IBM rode out the triple whammy hitting the IT industry to do better than Wall Street had expected in its second quarter.
Its results, released after the markets closed yesterday, showed earnings of $1.5 billion, or $1.50 a share, a cent better than analysts had predicted. Earnings for the second quarter of 1997 had been $1.4 billion, or $1.43 a share.
Louis Gertsner, IBM chairman and chief executive officer, said the results showed the strength of IBM?s business portfolio. ?We absorbed three major hits that affected the industry: intense price competition and excess inventory in the PC channel; continued severe erosion in Dram chips; and the impact of the Asian crisis. Despite all of these factors we were able to achieve our business targets because of the very strong performances of our services, OEM, and software business,? he said.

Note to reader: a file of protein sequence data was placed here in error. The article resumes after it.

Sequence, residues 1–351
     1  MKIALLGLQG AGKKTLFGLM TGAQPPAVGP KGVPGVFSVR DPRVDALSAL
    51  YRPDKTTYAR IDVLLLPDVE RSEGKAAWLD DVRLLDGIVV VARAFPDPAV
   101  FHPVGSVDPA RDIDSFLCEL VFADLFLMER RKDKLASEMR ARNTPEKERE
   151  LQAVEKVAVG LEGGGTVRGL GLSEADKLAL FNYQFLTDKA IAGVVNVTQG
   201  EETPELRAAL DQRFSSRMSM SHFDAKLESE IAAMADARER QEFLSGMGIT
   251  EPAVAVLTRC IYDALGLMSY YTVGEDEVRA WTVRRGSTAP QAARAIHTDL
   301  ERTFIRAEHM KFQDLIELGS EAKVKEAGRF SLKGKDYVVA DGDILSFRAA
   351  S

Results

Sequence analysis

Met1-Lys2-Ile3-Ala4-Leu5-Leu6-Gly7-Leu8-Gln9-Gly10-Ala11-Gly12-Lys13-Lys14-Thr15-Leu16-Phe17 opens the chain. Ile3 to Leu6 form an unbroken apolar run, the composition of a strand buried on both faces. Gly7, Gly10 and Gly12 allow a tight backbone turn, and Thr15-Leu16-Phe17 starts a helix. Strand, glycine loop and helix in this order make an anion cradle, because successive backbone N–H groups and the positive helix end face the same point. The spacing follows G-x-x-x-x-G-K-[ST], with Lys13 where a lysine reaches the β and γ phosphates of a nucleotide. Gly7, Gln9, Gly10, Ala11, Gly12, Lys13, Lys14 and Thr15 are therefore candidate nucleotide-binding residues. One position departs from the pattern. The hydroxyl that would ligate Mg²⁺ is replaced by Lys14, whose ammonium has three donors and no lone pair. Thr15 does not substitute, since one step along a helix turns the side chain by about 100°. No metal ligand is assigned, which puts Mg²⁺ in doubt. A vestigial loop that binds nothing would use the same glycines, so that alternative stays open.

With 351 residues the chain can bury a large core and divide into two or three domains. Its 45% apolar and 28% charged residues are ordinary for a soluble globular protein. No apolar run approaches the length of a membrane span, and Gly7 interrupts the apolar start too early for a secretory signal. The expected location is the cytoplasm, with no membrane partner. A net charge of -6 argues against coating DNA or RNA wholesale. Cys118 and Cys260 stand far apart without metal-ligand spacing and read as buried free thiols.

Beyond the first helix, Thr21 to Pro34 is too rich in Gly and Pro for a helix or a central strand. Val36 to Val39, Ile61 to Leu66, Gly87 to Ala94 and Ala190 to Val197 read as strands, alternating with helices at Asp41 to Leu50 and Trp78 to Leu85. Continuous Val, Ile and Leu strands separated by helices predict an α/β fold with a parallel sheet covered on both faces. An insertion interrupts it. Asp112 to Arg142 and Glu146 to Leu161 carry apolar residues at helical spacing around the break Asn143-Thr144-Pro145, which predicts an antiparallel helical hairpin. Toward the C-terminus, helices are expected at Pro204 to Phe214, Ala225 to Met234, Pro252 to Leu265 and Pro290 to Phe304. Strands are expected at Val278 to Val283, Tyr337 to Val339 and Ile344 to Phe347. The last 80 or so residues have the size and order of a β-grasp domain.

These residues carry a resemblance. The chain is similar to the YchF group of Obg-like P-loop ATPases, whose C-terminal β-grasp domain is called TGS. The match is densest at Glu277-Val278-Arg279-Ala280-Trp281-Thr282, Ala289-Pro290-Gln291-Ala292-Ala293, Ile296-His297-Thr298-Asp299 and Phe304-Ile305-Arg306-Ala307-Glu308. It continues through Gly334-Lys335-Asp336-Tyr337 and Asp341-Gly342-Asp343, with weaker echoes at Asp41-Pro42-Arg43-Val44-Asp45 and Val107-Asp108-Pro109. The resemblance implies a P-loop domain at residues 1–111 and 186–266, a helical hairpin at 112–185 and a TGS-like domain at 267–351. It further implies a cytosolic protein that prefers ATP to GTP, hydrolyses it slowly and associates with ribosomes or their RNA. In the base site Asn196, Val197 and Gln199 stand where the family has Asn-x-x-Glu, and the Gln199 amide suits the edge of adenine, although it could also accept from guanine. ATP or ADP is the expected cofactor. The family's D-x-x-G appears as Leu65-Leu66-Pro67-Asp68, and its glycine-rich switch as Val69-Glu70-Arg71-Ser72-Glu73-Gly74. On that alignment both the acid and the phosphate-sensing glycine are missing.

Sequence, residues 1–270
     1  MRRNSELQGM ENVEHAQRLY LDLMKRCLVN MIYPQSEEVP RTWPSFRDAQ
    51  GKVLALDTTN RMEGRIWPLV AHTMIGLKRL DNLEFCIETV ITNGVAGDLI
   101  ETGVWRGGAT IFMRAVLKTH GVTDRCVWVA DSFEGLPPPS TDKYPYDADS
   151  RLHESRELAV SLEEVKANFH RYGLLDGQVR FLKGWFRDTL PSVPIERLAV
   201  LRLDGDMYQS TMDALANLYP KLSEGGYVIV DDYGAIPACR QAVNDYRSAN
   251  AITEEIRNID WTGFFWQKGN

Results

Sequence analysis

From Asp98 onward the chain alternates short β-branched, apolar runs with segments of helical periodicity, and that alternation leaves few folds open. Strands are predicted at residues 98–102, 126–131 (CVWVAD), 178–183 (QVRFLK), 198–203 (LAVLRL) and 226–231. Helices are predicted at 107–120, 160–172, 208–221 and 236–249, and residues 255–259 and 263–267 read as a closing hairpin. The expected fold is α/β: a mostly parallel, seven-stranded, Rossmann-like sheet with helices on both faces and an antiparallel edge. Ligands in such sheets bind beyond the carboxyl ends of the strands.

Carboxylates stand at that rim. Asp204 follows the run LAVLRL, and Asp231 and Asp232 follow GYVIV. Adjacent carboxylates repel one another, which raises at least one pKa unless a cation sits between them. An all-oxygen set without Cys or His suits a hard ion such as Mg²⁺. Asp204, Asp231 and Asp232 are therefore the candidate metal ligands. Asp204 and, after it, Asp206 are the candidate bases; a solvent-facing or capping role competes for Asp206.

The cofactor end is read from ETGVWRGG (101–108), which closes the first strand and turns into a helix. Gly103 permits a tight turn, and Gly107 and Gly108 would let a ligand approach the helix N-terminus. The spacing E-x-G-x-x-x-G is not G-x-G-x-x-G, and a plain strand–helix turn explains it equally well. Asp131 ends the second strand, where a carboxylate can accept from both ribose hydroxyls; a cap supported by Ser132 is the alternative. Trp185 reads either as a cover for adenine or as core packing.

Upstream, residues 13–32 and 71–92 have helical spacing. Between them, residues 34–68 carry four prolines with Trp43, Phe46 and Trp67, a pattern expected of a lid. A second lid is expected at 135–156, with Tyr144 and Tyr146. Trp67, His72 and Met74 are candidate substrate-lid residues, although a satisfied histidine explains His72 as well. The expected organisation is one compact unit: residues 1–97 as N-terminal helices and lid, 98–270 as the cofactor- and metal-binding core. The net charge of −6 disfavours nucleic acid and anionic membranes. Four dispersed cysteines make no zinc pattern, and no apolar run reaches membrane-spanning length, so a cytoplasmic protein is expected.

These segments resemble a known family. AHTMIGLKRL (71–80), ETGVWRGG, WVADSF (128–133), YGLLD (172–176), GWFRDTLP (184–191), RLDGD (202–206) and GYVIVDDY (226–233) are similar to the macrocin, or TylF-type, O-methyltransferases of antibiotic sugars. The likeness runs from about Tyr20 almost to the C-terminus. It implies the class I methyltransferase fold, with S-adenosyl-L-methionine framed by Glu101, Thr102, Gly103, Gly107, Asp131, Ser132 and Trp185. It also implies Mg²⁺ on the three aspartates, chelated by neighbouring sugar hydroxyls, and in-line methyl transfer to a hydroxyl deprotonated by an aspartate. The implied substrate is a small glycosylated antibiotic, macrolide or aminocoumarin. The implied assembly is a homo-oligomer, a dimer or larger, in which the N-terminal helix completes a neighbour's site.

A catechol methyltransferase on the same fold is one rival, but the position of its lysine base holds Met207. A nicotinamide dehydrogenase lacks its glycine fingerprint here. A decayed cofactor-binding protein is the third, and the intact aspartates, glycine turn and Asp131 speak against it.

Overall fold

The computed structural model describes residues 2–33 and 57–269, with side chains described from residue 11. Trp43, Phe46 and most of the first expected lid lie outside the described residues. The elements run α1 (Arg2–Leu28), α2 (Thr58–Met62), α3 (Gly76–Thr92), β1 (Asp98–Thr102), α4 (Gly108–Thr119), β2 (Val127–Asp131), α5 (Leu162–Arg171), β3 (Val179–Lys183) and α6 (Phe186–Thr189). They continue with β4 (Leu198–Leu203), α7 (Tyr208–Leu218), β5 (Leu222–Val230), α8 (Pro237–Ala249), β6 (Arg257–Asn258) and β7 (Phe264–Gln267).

However, Gerstner admitted the results had been mixed, with hardware revenues falling 5.2 per cent from the previous year, mainly due to IBM?s weakness in PCs. S/390 mainframe sales also fell, as IBM prepares to ship the latest generation, the G5, in August.
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